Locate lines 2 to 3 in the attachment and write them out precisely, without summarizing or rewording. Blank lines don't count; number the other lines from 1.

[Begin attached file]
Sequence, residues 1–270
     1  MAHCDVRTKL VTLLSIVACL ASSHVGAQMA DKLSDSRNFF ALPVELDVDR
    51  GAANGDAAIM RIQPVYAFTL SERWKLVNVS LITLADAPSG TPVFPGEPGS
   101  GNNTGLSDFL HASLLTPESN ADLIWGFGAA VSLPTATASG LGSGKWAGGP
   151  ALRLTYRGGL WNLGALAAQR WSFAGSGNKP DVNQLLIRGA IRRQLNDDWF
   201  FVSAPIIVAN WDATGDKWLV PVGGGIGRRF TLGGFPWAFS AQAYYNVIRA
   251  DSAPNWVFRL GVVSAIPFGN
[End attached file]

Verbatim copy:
     1  MAHCDVRTKL VTLLSIVACL ASSHVGAQMA DKLSDSRNFF ALPVELDVDR
    51  GAANGDAAIM RIQPVYAFTL SERWKLVNVS LITLADAPSG TPVFPGEPGS